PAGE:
Transamerican Realty Group Holdings
Donald Hughes, Transamerican Realty Group HoldingsPhone: (954) 649-0654
Email: [email protected]

Seller Disclosure Obligations are Put Into Law in Florida

by Donald Hughes 06/28/2021

 Photo by Arek Socha via Pixabay

There’s an old phrase that says “buyer beware.” While, to some extent, this holds true in real estate, the good news for buyers is there are a number of protections in place which are regulated by federal law. States can opt to add their own requirements.

Florida has exercised its right to enact several seller disclosure obligations into law. These protections are put into place to shield home buyers from fraud, property defects or other problems. In the Sunshine State, here are the primary disclosures home sellers are legally required to share with potential buyers.

Material facts

All sellers are required to disclose what the State of Florida defines as “material facts.” This means they must inform a buyer about any facts not readily observable details about the property that might impact property value, health or safety. Examples include:

  • Faulty wiring
  • Cracked foundation
  • History of termites, carpenter ants or other wood-destroying organisms
  • Past or present instances of water damage
  • Leaky plumbing
  • Problems with the HVAC system
  • A leaky roof or related defects
  • Environmental hazards, including mold, asbestos, lead or Chinese drywall
  • Some types of home insulation
  • Boundary disputes
  • Problems associated with the title of the home or property
  • To summarize, a “material fact” is an existing condition that may have impacted a buyer’s decision to purchase, particularly those associated with major components of the home. This disclosure also applies to sellers listing their homes as “AS IS.”

    It should be noted if any deaths, including homicide or suicide, occurred on the property, these are not considered to be material facts.

    Code enforcement action

    In the event a home has a pending code enforcement action against it, sellers are required to disclose this situation to potential buyers in writing. They must also provide the buyer with copies of all pleadings, notices and any other documents relating to the situation. This includes verbiage outlining the buyer assumes responsibility for any compliance remedies associated with the outcome if they purchase the property.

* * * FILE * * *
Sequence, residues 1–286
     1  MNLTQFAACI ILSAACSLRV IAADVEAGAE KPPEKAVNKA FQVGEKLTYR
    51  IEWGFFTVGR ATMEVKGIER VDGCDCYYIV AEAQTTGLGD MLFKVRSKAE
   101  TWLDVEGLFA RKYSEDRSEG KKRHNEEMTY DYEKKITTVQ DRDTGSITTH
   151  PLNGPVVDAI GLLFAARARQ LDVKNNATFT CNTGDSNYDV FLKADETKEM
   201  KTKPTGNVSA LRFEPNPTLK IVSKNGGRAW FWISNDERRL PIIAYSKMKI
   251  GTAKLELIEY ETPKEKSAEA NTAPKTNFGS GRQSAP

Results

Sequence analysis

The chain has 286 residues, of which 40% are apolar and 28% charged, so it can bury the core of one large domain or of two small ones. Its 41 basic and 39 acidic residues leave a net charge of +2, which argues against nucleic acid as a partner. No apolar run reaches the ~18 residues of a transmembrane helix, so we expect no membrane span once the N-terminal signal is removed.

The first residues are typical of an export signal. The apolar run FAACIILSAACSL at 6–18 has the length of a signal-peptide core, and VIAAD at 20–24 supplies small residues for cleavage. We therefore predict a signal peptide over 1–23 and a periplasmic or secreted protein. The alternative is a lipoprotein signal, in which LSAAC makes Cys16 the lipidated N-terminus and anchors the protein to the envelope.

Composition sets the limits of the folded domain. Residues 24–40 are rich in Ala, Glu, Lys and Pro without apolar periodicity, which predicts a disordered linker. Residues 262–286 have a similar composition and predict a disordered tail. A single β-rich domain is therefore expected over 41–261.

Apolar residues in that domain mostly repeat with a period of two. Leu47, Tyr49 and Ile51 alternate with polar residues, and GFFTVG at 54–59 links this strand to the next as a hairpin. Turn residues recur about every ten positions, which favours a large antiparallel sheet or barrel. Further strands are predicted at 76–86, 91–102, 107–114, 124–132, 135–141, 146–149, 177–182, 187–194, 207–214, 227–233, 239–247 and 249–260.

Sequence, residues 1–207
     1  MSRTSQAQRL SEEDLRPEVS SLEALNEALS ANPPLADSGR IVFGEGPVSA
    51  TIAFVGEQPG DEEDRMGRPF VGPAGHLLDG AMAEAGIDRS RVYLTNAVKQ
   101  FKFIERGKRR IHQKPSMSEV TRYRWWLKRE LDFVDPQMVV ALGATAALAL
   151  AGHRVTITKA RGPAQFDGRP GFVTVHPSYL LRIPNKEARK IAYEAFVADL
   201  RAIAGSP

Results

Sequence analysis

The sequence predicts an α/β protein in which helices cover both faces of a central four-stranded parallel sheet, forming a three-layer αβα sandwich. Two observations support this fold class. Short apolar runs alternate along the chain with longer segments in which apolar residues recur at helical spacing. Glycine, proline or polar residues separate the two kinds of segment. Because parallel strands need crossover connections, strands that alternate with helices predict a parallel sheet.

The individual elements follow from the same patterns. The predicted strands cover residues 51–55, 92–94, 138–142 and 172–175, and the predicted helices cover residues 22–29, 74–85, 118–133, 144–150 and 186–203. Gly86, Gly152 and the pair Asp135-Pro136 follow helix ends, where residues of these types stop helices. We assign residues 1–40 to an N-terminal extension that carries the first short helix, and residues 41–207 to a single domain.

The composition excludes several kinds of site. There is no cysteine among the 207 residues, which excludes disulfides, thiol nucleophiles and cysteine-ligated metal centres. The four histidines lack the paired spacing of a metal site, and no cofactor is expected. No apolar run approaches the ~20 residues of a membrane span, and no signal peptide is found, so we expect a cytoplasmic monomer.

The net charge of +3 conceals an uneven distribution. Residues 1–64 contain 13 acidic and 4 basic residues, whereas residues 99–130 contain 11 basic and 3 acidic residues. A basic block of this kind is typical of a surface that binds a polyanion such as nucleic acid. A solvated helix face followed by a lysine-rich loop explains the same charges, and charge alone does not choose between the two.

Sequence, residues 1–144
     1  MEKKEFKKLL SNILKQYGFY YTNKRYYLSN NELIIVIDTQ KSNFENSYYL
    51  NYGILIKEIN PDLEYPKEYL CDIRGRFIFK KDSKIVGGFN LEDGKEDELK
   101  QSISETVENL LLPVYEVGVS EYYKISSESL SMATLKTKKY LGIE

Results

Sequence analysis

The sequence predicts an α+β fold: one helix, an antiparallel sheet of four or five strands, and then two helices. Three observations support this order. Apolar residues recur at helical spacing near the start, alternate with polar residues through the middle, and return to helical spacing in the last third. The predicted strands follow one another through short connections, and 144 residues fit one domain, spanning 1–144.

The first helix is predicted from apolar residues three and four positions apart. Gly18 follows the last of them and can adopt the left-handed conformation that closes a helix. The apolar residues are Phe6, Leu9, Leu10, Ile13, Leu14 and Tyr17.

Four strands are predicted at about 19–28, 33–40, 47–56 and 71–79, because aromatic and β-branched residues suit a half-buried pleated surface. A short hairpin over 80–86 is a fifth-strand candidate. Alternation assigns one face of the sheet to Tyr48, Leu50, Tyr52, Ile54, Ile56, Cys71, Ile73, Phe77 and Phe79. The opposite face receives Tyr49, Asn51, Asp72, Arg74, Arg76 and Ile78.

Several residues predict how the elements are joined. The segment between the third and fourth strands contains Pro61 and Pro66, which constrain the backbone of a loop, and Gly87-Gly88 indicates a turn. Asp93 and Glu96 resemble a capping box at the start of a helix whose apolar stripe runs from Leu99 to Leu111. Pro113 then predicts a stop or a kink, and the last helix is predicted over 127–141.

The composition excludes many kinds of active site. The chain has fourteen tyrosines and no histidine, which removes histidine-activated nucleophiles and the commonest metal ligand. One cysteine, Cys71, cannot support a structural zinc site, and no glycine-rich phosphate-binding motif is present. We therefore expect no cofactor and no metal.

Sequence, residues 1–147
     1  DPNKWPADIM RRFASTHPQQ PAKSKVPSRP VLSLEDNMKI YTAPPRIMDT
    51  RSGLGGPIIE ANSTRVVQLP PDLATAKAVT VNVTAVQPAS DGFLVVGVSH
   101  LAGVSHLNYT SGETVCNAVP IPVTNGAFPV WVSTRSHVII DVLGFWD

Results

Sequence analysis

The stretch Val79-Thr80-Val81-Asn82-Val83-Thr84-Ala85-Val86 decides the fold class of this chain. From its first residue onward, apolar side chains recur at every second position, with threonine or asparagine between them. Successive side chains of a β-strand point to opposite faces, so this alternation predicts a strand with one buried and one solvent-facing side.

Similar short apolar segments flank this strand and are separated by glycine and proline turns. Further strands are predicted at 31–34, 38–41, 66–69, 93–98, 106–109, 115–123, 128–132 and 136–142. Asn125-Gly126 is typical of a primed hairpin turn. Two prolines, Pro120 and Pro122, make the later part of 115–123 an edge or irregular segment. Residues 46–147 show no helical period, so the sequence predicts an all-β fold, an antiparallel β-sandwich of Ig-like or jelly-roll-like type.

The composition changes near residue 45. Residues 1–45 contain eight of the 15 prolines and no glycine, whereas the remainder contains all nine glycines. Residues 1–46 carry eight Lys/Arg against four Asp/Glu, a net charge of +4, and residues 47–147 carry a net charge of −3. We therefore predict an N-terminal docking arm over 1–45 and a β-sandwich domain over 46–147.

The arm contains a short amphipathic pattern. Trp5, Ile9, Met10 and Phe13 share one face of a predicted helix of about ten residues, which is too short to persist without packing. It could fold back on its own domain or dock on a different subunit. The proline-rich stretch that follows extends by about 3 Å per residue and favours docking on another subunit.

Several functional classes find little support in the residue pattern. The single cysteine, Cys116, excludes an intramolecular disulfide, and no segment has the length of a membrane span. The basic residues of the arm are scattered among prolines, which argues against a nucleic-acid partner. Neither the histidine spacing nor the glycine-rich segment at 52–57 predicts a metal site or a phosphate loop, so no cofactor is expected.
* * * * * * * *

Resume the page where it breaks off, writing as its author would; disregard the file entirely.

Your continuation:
Radon gas

    Sellers are required to provide a buyer before or during the execution of a purchase contract (or rental agreement lasting more than 45 days) information relating to the presence of radon gas. This requirement excludes unimproved properties, such as vacant land.

    Other disclosures sellers must make include:

  • Summary of property tax
  • Any condominium or condominium association rules connected to the property
  • History of or current presence of a sinkhole
  • Presence of endangered species
  • It’s also important to understand sellers only are required to disclose any defects they’re aware of. Florida State Law stipulates sellers aren’t held responsible for any defects they didn’t know or “should have known” about. If a dispute arises, the buyer is responsible for proving a seller did know about the defect.

    About the Author

    Donald Hughes

    With 10+ years in residential and investment real estate, I've seen the good and the bad of the business. In that time, I've built relationships with professionals to help ensure each and every one of my clients walks away knowing they got the best possible result in their sale or purchase. Some of what I will handle for you include:  

    • Listing details
    • Marketing strategies
    • Prequalifying buyers
    • Escrow
    • Inspections
    • Negotiations
    • Monitoring crucial contract details and deadlines

    Rest assured I will make you and your next transaction my top priority. Take a look at my reviews on my About page and you will get a better understanding of who I am and how I work for my clients. Then give me a call and let's discuss your real estate goals.